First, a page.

modern science fiction and the gimme part 4 – on various genres and the gimme

THIS IS THE FOURTH of five es­says (all ti­tled “modern sci­ence fic­tion and the gimme part 4” or 3 or 1) ad­dressing as­pects of the ac­knowl­edged “laws” of plot­ting and story-telling in modern sci­ence fic­tion. It is not nec­es­sary to have read the first two parts to un­der­stand this part. [Continue reading]

SpeculativeFiction Castle FloatingRock 1500 1

modern science fiction and the gimme part 3

I CAME OF AGE as a reader of sci­ence fic­tion in the late 1960s and early ’70s. My ex­po­sure to what was hap­pening in sci­ence fic­tion was lim­ited, as I was never in­volved in any or­ga­nized fandom. For me, the early ’70s were spent turning on tuning in drop­ping out, protesting the war, ex­panding my con­scious­ness, and dis­cov­ering the dif­fer­ence be­tween girls and women. [Continue reading]

modern science fiction and the gimme part 2 – on the rule of the gimme

ALL FANTASTICAL LITERATURE de­pends on a state of being known as the ‘willful sus­pen­sion of dis­be­lief.’ That is, the reader en­ters the story pre­pared to toss all skep­ti­cism aside for the sake of the story! This term was coined by Samuel Taylor Co­leridge in 1817 in his Bi­ographia lit­er­aria (or ‘bi­o­graph­ical sketches of my lit­erary life’) and opin­ions he wrote:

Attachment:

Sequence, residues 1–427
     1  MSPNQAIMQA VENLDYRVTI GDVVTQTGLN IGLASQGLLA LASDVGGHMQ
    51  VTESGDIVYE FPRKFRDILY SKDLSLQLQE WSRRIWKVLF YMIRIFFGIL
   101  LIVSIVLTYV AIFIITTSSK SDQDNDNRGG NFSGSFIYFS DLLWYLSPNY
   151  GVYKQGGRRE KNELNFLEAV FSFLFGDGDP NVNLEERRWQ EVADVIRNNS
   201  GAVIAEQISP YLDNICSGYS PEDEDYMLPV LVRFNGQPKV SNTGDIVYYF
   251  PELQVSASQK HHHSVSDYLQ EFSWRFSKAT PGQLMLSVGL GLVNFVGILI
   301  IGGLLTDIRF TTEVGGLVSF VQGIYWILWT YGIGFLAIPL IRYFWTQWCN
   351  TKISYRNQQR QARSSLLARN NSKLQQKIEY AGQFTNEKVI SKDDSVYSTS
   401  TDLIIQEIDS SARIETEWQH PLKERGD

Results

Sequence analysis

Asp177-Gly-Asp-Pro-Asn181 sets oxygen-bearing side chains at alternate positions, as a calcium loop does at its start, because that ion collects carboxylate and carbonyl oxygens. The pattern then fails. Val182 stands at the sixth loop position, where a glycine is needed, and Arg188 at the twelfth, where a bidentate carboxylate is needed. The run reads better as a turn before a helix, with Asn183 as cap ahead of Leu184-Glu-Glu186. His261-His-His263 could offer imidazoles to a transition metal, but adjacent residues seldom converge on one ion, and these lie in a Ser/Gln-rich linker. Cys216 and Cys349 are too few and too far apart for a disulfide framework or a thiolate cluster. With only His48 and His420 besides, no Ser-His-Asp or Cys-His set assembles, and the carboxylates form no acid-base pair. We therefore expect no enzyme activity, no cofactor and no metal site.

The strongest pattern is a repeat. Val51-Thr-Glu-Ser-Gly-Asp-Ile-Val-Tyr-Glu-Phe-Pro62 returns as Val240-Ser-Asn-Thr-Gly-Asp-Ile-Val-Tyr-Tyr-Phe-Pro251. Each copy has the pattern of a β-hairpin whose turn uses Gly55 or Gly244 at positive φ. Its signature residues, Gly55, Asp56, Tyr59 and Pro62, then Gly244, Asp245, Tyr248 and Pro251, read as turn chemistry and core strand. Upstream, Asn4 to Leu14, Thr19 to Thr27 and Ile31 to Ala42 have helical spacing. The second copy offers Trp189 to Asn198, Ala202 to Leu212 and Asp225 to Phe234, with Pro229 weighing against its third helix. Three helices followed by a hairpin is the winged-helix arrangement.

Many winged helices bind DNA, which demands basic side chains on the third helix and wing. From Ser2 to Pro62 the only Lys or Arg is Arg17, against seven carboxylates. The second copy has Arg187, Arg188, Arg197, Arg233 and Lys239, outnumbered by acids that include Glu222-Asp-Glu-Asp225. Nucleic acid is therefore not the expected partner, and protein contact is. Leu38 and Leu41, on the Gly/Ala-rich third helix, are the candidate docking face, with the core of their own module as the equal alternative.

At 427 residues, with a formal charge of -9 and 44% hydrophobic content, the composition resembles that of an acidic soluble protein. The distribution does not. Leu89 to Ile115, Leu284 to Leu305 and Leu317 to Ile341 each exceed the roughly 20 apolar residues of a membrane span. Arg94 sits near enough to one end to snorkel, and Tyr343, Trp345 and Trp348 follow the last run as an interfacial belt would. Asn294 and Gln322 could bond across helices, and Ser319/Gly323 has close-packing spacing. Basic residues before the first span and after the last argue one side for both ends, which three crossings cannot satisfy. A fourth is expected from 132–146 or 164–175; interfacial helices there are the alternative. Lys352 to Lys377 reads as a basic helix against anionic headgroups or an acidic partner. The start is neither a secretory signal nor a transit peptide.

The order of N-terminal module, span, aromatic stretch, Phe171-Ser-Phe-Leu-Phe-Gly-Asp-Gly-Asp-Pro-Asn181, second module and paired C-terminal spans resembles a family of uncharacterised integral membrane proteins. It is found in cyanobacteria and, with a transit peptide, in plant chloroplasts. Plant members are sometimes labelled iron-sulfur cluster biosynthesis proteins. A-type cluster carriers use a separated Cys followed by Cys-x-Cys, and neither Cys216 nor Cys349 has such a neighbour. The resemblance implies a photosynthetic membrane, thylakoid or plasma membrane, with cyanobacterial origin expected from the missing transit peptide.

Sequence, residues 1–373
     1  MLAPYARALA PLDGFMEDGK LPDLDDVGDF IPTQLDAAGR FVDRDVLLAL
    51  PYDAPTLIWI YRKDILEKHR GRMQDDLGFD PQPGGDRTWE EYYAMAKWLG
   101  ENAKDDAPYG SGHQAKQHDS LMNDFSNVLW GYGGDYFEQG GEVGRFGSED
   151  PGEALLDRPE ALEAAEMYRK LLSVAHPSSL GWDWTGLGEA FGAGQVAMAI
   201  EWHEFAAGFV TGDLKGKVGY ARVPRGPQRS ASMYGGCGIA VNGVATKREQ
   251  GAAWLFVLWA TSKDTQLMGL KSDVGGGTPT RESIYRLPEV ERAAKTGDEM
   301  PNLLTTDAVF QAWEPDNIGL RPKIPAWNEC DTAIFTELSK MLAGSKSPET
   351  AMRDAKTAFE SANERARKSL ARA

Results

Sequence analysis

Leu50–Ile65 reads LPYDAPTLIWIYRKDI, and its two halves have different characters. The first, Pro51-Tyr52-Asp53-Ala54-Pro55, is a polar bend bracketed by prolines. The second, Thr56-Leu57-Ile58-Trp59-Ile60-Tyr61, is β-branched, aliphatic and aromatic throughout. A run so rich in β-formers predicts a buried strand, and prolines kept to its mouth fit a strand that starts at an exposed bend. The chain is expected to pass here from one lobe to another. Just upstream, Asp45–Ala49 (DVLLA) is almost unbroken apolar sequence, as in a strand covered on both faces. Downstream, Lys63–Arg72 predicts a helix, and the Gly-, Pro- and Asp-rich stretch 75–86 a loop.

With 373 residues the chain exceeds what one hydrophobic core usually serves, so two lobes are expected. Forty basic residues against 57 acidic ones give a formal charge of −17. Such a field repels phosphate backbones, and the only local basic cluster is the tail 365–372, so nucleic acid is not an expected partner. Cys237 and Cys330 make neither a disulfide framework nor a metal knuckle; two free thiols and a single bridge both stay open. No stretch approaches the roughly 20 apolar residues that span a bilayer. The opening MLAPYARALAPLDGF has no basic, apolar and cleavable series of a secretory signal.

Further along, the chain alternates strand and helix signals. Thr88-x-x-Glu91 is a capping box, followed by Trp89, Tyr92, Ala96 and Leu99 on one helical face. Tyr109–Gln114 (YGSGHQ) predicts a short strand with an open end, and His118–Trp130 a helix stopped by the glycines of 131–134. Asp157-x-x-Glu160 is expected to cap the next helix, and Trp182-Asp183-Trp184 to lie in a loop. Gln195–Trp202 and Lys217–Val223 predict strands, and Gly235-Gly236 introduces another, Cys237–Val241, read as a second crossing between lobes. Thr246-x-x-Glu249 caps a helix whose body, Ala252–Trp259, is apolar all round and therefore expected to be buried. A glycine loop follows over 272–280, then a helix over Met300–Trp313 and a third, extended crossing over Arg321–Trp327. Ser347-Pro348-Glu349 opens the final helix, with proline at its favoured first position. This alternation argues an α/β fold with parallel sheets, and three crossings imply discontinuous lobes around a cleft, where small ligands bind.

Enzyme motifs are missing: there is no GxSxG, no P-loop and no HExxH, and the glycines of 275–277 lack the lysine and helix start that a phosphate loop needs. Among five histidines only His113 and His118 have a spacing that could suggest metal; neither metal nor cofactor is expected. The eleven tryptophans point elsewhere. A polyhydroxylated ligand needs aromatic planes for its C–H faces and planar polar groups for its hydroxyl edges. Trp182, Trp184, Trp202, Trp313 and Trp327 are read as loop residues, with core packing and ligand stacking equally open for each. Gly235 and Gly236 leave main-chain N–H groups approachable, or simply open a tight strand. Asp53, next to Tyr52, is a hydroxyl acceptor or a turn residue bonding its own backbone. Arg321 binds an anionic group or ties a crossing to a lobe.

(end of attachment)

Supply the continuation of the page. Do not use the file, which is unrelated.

“In this idea orig­i­nated the plan of the Lyrical Bal­lads; in which it was agreed, that my en­deav­ours should be di­rected to per­sons and char­ac­ters su­per­nat­ural, or at least ro­mantic, yet so as to transfer from our in­ward na­ture a human in­terest and a sem­blance of truth suf­fi­cient to pro­cure for these shadows of imag­i­na­tion that willing sus­pen­sion of dis­be­lief for the mo­ment, which con­sti­tutes po­etic faith.” [Continue reading]

modern science fiction and the gimme part 1 – on certain laws of science fiction

THIS IS THE FIRST OF FIVE in­ter­con­nected es­says on ‘modern’ sci­ence fic­tion and fan­tasy. They are in­tended to be read as a piece when all five are posted over the next week. This essay started off as an in­ves­ti­ga­tion into two as­pects of sci­ence fic­tion based on MY mem­o­ries con­cerning the field, most of them from the 1960s and ’70s. [Continue reading]


the most consistently able writer science fiction has yet produced

FREDERIK POHL—sci­ence fic­tion au­thor, for which he won a Hugo and a Nebula (Gateway, 1977) and the only Na­tional Book Award given in a one-year cat­e­gory for that genre (Gem, 1980); ed­itor (for which he won seven Hugos (Galaxy and If mag­a­zines, 1962-1969); lit­erary agent (who helped get Isaac Asi­mov’s first novel pub­lished); critic and historian—died on Sep­tember 2, 2013, at the age of 93. [Continue reading]